‘Welcome to the new edition of this Guest Blog. I am a full-time working mum of 2 boys and a published novelist of ‘The Ninth Cross’ by my pen name J. Karst. I get involved in trying that little bit I can in saving the environment for the future generations.’
Watching the squirrel stuffing its face made me think of my home country, where the squirrels must defend for themselves by being faster forages before the frugal humans.
I am not saying that UK people don’t forage, they just do it on a much smaller scale. For example, mushroom picking is a very serious matter in Europe. The locals invade their local woodlands in Autumn. The quiet woodland is transformed into thousands of different voices trying to seek out their lost family members.
My dad would set the alarm for 5am so we get there before any competition. Each year he would positively set up an impossible task to wake up and get ready five girls to leave home by 5:30. In the end he would manage but only a whole hour later, by which point the childless neighbour would be already foraging for an hour.
Initially, we would be disappointed to be told to look out for the brown mushrooms only even though the large red spotty ones were so easy to find. Confusing as it was, we’re being told how poisonous they are we would meet with grinning 20-something kids carrying baskets full of them. Only in later years I found out of the possibility of ‘other’ uses of mushroom than just a food supplement.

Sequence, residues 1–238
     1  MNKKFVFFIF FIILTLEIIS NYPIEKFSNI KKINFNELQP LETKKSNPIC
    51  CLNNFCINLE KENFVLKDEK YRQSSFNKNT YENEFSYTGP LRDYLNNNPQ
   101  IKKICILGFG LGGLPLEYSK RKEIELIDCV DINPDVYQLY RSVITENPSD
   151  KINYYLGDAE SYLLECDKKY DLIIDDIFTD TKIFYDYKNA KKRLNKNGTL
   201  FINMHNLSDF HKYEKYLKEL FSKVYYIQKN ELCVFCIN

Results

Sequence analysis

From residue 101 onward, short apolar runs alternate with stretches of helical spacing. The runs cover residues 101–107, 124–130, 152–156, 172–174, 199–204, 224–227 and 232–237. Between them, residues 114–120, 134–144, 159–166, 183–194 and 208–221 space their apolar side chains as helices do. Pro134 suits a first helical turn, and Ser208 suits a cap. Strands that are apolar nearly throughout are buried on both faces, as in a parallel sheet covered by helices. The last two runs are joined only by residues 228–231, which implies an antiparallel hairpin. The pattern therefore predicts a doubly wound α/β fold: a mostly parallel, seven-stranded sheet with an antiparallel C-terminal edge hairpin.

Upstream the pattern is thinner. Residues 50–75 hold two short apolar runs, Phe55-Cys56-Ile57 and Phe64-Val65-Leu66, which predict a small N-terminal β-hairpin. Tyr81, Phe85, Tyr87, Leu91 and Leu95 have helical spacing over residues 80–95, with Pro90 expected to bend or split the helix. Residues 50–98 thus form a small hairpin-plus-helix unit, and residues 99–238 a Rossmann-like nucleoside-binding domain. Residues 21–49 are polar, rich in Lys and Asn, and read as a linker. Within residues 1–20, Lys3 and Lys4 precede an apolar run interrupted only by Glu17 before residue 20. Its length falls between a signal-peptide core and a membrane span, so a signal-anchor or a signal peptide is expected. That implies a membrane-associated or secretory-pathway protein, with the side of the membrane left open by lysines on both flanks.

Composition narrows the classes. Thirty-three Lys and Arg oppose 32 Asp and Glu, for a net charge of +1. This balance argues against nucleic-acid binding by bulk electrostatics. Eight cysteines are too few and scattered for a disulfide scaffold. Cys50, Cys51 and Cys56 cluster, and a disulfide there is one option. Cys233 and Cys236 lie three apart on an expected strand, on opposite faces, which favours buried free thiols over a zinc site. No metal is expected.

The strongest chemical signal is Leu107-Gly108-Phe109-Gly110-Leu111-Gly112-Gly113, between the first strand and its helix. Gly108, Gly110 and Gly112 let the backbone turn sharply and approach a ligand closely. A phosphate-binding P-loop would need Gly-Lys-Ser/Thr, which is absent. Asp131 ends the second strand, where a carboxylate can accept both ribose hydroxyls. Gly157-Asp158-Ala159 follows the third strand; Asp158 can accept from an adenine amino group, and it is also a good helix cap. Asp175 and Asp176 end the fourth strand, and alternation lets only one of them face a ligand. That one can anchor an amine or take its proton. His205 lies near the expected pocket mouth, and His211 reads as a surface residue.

After spending hours to seek a brown mushroom between the dense forest floor I would hit a jackpot. My father would check whether it would kill you instantly, kill you slowly or give you an indigestion. If it didn’t do any of those, he would praise our vision and the mushroom would be carefully placed into the rattan basket.
About lunchtime with basket full we made our way home with the woodland bounty. Our glistening white teeth would reflect the light like shiny mirrors against the dusty covered face. Our matted hair would be sporting an occasional twig or a bug sticking out like a flag on a ship.
With glee we would approach mother telling her all what we found. One day I remember particularly well that we met up with our neighbour who gave us a pity glance whilst surveying our basket, because he had a porcini as big as a tree trunk in his arms. The mushroom picker frenemy has opened its peacock like tail to prove who’s the winner.
To our surprise our father congratulated their find whilst we enviously stared at their catch. That was the day that I learned a lesson about mushroom species of Boletus class. There is a boletus edulis and a bitter bolete, though looking the same, one can ruin your whole meal and give you a mild diarrhoea whilst the other is can be very pleasant on your palate, ergo – ‘bigger isn’t always better’…
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